Newswise — Surgeons at Vanderbilt University Medical Center (VUMC) performed five heart transplants in four days to place the institution among an elite group of transplant centers in the country — reaching 1,000 heart transplantations.
VUMC is home to the second busiest heart transplant program in the country and ranked No. 1 in the Southeast region for volume for its combined adult and pediatric procedures, according to data released by the Organ Procurement and Transplant Network (OPTN).
“This is a well-earned distinction for our heart transplant team, further validating their expertise and commitment. Such success requires sustained clinical excellence and is only possible through the altruism of those who generously donate their organs so that others may live. Our reward is helping grateful patients whose lives have been saved through the miracle of transplantation,” said C. Wright Pinson, MBA, M.D., Deputy Chief Executive Officer and Chief Health System officer for VUMC. “I am very proud of our team and want to congratulate them on this achievement.”
This marks the second consecutive year that VUMC’s program held its national ranking.
“This (reaching 1,000) is an outstanding milestone for the heart transplant program and for the institution as a whole, one that only a small number of other institutions have attained,” said Thomas Wang, M.D., Gottlieb C. Friesinger II Professor of Cardiovascular Medicine.
“It reflects an amazing amount of dedication, talent and hard work from all the individuals at Vanderbilt who have cared for these patients.”
For Jerry “Quinton” Choate, 58, a recent heart transplant recipient, the cluster of surgeries put him a step closer to getting back to his favorite pastime — fishing.
A resident of South Pittsburg, Tennessee, Choate said he was on his way to Chattanooga for routine blood work when he got the call from Vanderbilt that a heart had been located for him.
“When I got off the phone with them, I called my wife, Kim, and told her to get up and get ready. We are headed to Nashville,” he said. “I was excited, scared and relieved all at the same time. I wasn’t expecting to get a heart this soon, but I am so thankful. I am looking forward to things getting better for me.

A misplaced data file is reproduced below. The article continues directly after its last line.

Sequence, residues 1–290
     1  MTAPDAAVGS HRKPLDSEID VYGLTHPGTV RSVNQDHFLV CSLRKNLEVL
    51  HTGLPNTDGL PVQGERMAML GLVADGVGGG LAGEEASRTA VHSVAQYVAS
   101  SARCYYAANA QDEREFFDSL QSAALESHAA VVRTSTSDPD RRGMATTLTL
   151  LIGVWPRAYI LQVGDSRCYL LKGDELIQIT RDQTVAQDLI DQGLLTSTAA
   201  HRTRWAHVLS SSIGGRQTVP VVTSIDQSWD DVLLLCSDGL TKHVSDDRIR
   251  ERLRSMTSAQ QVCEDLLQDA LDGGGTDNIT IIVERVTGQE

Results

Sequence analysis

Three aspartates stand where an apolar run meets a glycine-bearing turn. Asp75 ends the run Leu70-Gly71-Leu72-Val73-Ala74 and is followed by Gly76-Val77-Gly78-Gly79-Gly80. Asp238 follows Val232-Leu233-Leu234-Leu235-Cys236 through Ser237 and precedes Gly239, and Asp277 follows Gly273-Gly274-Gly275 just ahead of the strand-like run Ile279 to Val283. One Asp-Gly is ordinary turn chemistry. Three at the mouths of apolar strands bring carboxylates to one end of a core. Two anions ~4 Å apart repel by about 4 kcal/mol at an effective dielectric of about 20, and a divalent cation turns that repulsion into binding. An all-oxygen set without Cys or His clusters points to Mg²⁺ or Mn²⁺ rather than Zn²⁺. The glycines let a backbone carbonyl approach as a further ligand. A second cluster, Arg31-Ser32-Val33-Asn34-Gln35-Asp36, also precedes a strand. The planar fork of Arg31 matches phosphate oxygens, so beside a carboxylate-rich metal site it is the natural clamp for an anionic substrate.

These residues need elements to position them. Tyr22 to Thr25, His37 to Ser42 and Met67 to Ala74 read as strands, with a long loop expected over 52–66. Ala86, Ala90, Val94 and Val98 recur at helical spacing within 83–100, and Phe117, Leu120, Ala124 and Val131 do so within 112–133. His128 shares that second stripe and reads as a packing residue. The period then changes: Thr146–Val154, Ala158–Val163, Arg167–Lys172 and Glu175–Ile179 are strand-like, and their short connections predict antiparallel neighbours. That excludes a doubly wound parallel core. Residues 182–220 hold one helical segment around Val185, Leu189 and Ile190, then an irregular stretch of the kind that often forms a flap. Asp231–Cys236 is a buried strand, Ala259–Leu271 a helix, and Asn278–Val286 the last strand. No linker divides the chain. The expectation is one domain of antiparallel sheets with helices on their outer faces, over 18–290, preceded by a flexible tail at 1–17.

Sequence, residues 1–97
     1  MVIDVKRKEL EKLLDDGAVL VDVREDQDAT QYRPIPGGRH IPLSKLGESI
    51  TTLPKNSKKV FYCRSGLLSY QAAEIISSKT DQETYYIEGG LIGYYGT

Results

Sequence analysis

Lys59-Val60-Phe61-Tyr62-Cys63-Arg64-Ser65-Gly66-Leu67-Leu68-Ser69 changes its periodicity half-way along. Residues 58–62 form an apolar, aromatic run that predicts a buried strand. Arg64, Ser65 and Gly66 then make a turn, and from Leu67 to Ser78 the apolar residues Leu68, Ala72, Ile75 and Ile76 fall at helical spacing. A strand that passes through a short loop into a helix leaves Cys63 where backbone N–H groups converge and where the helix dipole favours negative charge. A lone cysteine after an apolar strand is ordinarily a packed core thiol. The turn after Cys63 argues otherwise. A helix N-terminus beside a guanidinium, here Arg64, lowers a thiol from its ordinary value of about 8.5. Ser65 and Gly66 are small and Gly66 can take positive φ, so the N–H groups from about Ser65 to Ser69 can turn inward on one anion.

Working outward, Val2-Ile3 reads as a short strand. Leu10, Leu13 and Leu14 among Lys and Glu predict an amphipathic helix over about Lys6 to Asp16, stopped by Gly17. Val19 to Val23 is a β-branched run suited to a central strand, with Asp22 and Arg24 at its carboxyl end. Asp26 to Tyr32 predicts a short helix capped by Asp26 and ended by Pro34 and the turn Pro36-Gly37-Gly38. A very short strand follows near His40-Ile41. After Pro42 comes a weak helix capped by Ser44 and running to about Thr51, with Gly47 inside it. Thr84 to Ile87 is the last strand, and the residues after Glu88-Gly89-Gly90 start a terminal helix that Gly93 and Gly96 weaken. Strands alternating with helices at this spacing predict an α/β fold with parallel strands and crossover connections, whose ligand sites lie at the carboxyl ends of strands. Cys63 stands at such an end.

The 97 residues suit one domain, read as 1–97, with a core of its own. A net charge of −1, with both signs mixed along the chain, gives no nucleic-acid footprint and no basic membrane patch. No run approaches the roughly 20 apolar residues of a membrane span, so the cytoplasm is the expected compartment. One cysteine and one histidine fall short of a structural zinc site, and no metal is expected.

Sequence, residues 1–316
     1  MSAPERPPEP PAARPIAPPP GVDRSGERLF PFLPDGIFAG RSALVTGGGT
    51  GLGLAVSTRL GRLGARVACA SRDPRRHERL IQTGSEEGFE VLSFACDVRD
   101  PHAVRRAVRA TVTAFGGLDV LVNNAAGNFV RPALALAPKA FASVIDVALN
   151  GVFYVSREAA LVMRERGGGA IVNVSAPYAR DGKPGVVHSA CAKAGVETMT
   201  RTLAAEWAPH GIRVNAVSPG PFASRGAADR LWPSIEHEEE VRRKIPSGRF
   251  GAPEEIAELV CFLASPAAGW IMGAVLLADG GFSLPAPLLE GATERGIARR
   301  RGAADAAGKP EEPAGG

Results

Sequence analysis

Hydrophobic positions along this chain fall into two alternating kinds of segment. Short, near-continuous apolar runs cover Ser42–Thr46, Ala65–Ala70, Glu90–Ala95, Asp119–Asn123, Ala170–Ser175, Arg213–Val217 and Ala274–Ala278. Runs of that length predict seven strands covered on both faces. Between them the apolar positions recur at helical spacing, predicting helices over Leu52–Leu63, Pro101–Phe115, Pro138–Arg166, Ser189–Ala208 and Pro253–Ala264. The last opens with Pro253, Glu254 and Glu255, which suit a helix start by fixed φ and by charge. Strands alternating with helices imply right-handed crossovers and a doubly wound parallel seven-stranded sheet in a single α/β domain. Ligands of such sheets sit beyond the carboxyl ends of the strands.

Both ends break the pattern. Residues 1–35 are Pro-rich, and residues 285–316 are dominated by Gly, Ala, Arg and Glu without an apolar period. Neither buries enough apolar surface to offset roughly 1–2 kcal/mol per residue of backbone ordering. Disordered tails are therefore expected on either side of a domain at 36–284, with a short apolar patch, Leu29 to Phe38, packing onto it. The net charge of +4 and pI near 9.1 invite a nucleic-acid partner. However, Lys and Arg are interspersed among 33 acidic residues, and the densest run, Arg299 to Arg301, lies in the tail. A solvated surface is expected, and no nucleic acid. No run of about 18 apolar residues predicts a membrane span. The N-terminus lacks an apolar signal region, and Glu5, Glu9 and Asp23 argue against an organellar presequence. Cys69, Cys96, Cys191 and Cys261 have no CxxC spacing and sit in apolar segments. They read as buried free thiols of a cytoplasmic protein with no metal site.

“I was able to fish a little bit last year,” he said. “But nothing beats being out on the boat all day. I love the sport of it. I don’t keep them. I throw them back. As long as I am on the water, I am happy.”
In April 2016, Choate received a left ventricular assist device (LVAD) as a bridge to transplant after a heart attack caused him to go into congestive heart failure. The past year has been one of waiting and preparing for this moment.
“On March 17 he was upgraded to the top of the list and that is when I packed,” said Kim. “All we needed to do was head out … It all feels so surreal, like I need someone to pinch me. On the ride here we talked a bit about the donor family and that this was truly a gift of life. Now his job is to take care of it.”
Choate and the other recipients are recovering.
“This accomplishment reflects the commitment the physicians and administration has placed on making Vanderbilt Medical Center one of the best cardiac transplant centers in the country,” said Michael Petracek, M.D., Cornelius Vanderbilt Chair in Surgery and chair of the Department of Cardiac Surgery. “Studies have shown that high volume programs have consistently better long-term results and we are now the second busiest center in the United States.”
In 2016, a record 92 transplantations were done, while 2015 saw 65. This year, the program has already performed 25 heart transplantations (between Jan. 1 and March 29).
It’s a far stretch from 1985, when Walter Merrill, M.D., professor of Cardiac Surgery, performed the center’s first heart transplant. That year there were two transplantations.
“When one looks at all the activity in transplantation today it is amazing to think back and reflect on how much progress has been made and how far we have come,” said Merrill, Senior Associate Chief of Staff, Vanderbilt University Hospital.
“We now have better drugs to prevent and treat organ rejection and better treatments to support the patients while they are waiting for a transplant.”
The program plans to host a special event on June 1 to celebrate the 1,000th transplant milestone.